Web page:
A warm wet shield sticks to the breast better – run the shield under warm water prior to use. Roll the wet, warm shield back about halfway down the shank of the shield. Applying a little water, breast milk or lanolin cream around the edge may help it adhere better to the breast. Roll the shield back onto the breast so the nipple is drawn into the teat of the shield.
Attachment technique is still important with a shield. Don’t just poke the shield teat centrally into baby’s mouth. Baby should be held close, mouth wide open and chin in contact with the breast.
Your baby should draw your nipple into the shield teat and be able to compress the ducts in the areola with his jaws and actively draw milk out of the breast. Look for signs of effective milk transfer.
Towards the end of the feed (when baby’s swallowing slows) it is a good idea to use breast compression while baby suckles to increase the milk and fat transfer to the baby.
Offering baby both breasts at each feed will mean baby gets more milk.
The nipple shield is a projection of the nipple so, when the baby unlatches, it should look well rounded, just as though s/he had a good latch directly at the breast. You should see milk in the shield when baby comes off.
After feeding the baby using a shield, it’s a good idea to express both breasts, for just a few minutes only, using an electric breast pump. Doing breast compression while you are expressing will cut down the amount of time you need to express.
Monitor feeding progress when nipple shields are used. The baby’s weight will need to be monitored regularly too.
It’s a good idea to keep an eye on baby’s bowel movements and urine output while a nipple shield is being used as these give an indication of milk intake. Baby should have at about 3 tablespoon-sized yellow, grainy stools in 24 hours (after 5th day) and have at least six wet nappies.
If baby is discharged from hospital using nipple shields, his progress should be closely monitored by the community midwife or health visitor. She will support the establishment of breastfeeding without the shield or refer to a breastfeeding clinic if there are any problems.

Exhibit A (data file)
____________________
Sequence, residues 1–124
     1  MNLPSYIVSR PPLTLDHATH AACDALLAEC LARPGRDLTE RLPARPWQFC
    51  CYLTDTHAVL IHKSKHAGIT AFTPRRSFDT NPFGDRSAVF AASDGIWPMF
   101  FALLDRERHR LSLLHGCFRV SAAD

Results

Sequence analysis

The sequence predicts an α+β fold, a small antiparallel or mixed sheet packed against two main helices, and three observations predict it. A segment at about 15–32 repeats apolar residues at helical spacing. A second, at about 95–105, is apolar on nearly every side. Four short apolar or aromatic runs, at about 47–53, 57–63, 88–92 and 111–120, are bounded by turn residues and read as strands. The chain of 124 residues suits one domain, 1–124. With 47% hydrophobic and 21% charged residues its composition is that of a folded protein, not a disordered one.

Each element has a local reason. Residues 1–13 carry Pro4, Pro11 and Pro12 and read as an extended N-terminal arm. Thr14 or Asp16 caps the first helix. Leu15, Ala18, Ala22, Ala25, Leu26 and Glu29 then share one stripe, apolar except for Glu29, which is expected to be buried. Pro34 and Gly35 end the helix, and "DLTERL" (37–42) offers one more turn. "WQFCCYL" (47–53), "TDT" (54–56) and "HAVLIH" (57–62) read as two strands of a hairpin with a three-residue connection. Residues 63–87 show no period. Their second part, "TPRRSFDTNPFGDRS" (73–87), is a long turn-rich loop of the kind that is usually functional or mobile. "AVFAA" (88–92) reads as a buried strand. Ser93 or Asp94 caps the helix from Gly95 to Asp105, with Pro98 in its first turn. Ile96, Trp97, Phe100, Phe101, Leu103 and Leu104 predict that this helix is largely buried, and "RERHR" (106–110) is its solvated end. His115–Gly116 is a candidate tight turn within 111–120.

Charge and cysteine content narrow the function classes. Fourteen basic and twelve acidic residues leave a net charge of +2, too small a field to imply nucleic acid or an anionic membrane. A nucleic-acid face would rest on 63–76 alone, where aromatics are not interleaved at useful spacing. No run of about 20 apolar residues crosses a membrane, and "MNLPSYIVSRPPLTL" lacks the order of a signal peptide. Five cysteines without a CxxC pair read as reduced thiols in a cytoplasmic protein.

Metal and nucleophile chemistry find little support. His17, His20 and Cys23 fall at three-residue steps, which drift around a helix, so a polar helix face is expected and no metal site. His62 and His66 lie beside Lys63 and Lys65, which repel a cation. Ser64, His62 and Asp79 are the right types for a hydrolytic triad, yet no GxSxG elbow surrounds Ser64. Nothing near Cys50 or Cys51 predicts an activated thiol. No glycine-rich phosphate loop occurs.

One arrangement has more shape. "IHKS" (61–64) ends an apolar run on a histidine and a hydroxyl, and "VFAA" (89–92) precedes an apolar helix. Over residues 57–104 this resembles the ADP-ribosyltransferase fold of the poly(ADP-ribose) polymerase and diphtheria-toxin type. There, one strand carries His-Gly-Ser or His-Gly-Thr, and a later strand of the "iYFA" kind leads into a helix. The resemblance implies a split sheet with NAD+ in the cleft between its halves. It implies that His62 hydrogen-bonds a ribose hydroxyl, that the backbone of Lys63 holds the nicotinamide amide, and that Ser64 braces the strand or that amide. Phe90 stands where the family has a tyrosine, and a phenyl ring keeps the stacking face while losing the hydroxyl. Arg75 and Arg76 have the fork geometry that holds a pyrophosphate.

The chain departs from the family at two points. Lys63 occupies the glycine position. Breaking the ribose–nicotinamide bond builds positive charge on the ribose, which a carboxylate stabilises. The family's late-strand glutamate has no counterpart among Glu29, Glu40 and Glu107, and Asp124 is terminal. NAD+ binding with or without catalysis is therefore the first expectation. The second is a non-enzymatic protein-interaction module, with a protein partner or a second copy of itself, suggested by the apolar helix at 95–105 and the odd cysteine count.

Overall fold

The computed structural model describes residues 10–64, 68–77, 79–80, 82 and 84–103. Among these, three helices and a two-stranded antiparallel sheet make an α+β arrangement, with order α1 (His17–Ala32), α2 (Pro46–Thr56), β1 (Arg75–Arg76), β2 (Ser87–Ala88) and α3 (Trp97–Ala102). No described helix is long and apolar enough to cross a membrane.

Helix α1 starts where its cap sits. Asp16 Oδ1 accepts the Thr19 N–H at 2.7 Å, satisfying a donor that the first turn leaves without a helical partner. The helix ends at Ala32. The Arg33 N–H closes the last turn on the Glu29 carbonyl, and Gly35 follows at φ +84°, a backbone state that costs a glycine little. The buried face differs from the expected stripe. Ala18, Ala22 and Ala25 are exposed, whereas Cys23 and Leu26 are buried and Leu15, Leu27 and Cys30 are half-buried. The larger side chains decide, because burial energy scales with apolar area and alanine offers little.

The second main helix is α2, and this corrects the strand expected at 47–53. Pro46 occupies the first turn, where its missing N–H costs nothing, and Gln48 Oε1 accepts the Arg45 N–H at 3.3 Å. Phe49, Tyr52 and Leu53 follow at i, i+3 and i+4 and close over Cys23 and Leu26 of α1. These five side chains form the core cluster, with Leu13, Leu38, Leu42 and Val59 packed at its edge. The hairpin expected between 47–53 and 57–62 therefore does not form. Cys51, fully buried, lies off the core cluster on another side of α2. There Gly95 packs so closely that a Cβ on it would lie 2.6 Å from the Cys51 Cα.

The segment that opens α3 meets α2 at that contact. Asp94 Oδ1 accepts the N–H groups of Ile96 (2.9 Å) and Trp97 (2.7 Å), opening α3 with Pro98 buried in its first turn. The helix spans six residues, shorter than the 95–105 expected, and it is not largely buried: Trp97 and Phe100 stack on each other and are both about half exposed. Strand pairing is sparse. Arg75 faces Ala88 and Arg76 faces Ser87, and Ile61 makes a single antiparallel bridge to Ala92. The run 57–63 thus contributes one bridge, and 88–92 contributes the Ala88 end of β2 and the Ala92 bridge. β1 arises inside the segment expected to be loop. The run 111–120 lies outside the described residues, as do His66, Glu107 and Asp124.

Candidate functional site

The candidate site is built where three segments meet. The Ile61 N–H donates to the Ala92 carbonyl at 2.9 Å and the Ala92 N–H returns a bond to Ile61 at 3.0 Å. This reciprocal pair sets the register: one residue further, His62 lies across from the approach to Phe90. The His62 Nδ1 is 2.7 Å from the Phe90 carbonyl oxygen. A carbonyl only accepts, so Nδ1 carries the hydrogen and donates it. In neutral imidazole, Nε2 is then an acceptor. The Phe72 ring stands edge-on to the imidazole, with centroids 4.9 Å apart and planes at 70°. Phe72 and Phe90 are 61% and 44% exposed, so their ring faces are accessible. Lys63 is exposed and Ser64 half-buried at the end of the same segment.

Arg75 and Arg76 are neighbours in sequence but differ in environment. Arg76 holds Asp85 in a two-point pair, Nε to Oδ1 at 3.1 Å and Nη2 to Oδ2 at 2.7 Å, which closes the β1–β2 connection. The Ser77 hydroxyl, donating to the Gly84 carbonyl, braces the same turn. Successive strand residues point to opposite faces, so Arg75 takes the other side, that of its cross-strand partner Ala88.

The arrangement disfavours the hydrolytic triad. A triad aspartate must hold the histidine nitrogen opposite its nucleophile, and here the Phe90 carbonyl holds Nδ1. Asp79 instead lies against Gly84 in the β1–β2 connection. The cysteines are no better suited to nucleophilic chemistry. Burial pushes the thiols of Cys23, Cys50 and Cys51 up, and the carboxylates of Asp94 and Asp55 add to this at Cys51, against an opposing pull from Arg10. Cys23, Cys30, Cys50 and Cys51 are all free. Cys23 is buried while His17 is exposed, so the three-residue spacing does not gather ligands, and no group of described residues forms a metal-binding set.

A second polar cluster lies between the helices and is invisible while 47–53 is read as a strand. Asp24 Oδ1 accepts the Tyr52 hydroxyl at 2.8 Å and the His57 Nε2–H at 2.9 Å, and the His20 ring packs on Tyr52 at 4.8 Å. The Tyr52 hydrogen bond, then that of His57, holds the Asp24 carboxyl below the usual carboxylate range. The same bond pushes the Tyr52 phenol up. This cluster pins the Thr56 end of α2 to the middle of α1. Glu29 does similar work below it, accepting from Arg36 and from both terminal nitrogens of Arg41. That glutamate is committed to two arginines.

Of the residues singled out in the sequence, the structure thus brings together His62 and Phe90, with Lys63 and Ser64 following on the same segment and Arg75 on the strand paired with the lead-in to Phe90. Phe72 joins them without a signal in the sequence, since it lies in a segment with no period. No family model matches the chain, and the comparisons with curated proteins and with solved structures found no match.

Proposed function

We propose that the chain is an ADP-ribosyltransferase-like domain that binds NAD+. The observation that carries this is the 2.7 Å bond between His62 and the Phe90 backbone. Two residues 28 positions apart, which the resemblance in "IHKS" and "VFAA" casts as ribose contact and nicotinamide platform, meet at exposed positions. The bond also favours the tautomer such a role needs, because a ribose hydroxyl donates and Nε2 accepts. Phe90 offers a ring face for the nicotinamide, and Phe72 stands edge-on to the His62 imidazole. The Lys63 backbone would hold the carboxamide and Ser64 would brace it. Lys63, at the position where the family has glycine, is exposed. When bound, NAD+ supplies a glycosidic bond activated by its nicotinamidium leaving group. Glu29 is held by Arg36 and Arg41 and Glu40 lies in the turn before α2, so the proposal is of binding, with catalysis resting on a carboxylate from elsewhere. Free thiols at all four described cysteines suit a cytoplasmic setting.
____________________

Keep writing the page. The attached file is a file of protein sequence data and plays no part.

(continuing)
Try to attach the baby to the breast without the nipple shield. Continue to do this with each feed until the baby is able to latch-on without the shield.
Some babies need only one or two sessions with the nipple shields, while others may need more.
Wash the shield with hot soapy water, rinse with clean water, dry carefully and store in a clean container.
Weaning from a shield:
Be sure not to make this a battle with the baby or he will resist more. Don’t obsess with weaning off the shield to the point that you are unhappy with breastfeeding.
Don’t cut down a shield to wean a baby off it — this practice is no longer recommended. As long as your baby is gaining weight well, then there is time to play with.
Keep trying as often as you can and give it some time. Some mums continue to use the shield for the duration of breastfeeding experience but most mums have taken anywhere from two days to about four to five weeks to completely wean from the shield.
‘Re-birthing’ via co-bathing can help to stimulate instinctive feeding behaviours in a baby that is not attaching.
Some families find that cranial osteopathy can be an effective intervention for babies with attachment difficulties.
Be patient while you work through this time of transition. Breastfeeding with a shield is still breastfeeding.
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Should you need any further information or wish to speak to a trained breastfeeding counsellor, please contact us either by phoning 0300 330 5453 or emailing email@example.com